Bewitching ‘Bell, Book and Candle’ at San Francisco Playhouse

Courtesy PhotoLauren English and William Connell are enticing in San Francisco Playhouse’s production of the 1950s classic “Bell

Courtesy PhotoLauren English and William Connell are enticing in San Francisco Playhouse’s production of the 1950s classic “Bell

It may be an old chestnut, but playwright John Van Druten’s romantic comedy “Bell, Book and Candle,” adapted for a 1958 film starring Kim Novak and Jimmy Stewart, comes to surprisingly luminous life in San Francisco Playhouse’s current staging.

Bored and restless witch Gillian is attracted to a neighbor, Shep, in her Manhattan, N.Y., high-rise. When she discovers he’s engaged to her college nemesis, she can’t resist using her magical powers to seduce him.

Witches, it seems, cannot actually fall in love, or cry real tears. But eventually Gillian finds herself prey to both human passion and human pain when she indeed does fall for the Muggle.

Gillian’s journey toward an authentic emotional life is beautifully depicted by Lauren English, daughter of the play’s director, Bill English (also the company’s artistic director).

From the moment the lights go up, every fiber of her body seems to exude an exquisite indolence. She’s flirtatious and sexual, yet subtly aloof, even genuinely puzzled by Shep’s spell-induced ardor.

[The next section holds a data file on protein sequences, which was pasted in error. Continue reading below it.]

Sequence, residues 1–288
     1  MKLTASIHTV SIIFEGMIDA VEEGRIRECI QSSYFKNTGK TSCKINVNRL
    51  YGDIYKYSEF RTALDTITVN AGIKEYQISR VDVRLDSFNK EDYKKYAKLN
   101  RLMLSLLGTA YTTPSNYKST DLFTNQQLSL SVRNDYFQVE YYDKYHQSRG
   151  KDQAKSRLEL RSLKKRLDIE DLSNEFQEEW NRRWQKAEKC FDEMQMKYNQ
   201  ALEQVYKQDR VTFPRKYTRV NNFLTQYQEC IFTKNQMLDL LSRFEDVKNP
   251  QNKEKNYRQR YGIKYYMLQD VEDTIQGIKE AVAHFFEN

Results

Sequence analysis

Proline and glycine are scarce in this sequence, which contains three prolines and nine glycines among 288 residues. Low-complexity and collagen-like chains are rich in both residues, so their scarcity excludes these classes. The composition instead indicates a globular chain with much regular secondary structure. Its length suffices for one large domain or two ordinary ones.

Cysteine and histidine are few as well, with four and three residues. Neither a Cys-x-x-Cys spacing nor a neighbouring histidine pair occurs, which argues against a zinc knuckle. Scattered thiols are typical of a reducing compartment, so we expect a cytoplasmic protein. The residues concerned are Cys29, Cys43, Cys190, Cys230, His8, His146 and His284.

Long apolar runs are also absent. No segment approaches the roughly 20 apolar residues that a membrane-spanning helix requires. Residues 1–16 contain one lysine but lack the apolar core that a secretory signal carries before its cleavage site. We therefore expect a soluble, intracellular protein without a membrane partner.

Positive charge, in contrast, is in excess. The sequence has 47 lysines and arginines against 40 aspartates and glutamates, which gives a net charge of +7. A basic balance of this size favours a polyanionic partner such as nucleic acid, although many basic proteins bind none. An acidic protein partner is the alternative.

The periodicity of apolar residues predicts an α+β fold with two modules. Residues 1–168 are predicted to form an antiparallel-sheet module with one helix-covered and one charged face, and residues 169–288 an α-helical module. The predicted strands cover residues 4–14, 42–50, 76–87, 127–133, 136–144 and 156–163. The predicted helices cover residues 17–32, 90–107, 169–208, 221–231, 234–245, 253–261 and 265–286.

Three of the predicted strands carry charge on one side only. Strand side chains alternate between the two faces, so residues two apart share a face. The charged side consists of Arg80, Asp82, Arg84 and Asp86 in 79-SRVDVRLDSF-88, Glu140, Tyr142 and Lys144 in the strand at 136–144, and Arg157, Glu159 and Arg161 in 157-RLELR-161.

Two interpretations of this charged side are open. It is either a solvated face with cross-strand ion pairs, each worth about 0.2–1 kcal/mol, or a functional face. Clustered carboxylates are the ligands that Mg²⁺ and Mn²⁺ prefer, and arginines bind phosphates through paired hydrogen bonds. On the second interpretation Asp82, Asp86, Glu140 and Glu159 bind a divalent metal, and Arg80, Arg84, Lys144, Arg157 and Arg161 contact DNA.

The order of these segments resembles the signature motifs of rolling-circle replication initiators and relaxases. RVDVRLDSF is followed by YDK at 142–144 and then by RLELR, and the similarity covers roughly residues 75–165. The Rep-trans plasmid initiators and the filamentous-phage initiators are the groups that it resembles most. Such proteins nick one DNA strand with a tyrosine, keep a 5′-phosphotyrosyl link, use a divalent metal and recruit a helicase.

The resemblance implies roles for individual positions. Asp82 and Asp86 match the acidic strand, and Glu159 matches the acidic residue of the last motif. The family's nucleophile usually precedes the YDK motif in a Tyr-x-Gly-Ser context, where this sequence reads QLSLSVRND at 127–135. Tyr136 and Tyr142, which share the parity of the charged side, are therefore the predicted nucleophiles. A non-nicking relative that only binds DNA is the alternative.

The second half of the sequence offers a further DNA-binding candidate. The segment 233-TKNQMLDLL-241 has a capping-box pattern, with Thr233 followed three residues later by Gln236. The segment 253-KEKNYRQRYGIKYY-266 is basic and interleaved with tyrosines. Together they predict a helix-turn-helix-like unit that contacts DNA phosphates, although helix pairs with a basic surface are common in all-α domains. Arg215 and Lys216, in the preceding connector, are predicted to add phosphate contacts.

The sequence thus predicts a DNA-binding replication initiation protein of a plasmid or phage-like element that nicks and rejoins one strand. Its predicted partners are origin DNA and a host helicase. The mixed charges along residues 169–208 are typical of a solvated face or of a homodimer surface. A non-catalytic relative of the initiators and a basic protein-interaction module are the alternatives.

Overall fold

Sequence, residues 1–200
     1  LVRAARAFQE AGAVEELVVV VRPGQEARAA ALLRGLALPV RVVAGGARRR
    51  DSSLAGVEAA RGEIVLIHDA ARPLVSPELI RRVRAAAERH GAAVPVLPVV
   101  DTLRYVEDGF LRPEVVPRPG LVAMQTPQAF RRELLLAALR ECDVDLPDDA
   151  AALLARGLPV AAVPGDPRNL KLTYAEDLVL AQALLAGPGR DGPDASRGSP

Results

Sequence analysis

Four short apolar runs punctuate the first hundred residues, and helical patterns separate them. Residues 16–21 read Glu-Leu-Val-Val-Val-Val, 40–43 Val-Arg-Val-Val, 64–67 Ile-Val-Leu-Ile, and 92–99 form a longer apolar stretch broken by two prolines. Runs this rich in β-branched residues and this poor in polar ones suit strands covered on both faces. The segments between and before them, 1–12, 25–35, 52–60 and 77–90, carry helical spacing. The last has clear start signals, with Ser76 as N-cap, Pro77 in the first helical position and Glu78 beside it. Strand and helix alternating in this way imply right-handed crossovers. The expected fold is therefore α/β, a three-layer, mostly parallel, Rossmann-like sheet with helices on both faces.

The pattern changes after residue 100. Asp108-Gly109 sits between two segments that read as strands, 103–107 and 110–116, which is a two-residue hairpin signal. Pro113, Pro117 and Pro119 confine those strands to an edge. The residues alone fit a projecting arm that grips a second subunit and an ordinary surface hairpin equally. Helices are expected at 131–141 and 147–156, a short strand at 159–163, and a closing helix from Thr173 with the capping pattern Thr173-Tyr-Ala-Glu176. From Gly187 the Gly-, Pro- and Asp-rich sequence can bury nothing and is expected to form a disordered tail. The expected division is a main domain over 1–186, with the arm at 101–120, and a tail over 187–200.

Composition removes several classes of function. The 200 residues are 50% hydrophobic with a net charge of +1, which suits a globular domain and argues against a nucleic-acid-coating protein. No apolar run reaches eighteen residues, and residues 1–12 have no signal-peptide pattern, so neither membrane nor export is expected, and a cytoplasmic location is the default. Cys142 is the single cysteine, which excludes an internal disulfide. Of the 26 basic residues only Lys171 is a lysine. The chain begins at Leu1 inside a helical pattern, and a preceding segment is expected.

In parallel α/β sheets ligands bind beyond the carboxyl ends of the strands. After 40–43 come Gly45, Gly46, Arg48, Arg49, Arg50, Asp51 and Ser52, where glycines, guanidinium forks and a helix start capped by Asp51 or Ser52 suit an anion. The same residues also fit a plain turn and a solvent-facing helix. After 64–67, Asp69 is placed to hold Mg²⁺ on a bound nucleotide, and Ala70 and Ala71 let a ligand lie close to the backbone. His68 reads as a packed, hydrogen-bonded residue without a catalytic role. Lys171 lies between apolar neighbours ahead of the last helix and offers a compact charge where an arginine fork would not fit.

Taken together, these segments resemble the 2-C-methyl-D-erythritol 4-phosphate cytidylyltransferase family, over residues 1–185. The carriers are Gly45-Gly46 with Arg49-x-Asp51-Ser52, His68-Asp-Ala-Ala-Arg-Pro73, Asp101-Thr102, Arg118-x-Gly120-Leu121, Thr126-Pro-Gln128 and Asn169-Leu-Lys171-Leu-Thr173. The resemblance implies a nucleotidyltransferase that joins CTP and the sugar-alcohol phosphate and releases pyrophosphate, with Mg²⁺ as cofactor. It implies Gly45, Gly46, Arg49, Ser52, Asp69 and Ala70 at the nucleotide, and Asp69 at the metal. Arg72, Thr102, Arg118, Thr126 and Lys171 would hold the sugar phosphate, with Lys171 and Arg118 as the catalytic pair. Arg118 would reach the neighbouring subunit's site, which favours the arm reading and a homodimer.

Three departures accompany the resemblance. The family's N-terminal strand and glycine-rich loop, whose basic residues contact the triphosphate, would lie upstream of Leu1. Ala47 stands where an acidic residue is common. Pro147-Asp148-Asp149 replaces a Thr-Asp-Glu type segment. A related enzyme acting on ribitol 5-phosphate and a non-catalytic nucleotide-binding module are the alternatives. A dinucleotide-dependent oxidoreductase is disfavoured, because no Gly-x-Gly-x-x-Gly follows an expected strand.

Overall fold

When, in the second act, she succumbs to the pitiable state of a rejected woman, the transition, enhanced by an obvious change in costume and hairdo, feels deeply internal.

As is usual for this family-run company, the ensemble is seamless, with Zehra Berkman as Gillian’s mischievously wacky Aunt Queenie; Scott Cox as Gillian’s flamboyant (and obviously gay) warlock brother; Louis Parnell as the alcoholic, self-declared magic expert and writer; and newcomer William Connell as a particularly charming Shep, with a toothy grin, bubbling with boyish glee as he finds himself head, to his own bemusement, over heels.

Director English also designed the spare, elegant, mid-century modern set, complete with velvety-red, curved sectional sofa and ottoman, the Chrysler Building looming outside the large picture window and a glowing moon diagonally traversing the dark sky.

Pyewacket, Gillian’s eerie familiar, is an Egyptian-esque cat statue set center stage, with eyes that glow on and off.

Brendan Aanes’ sound (with foreboding special effects and recordings such as “Santa Baby,” “It’s Witchcraft” and “I Put a Spell on You”), Kurt Landisman’s dramatic lighting and Abra Berman’s period-perfect costumes — especially for glamorous Gillian and bohemian Queenie — make for an integrated, beautifully designed production.

Most important of all, director and cast mine Van Druten’s script for its inherent poignancy with grace and with skill, and without ever losing the comedy.

artsBellentertainmentJimmy Stewart

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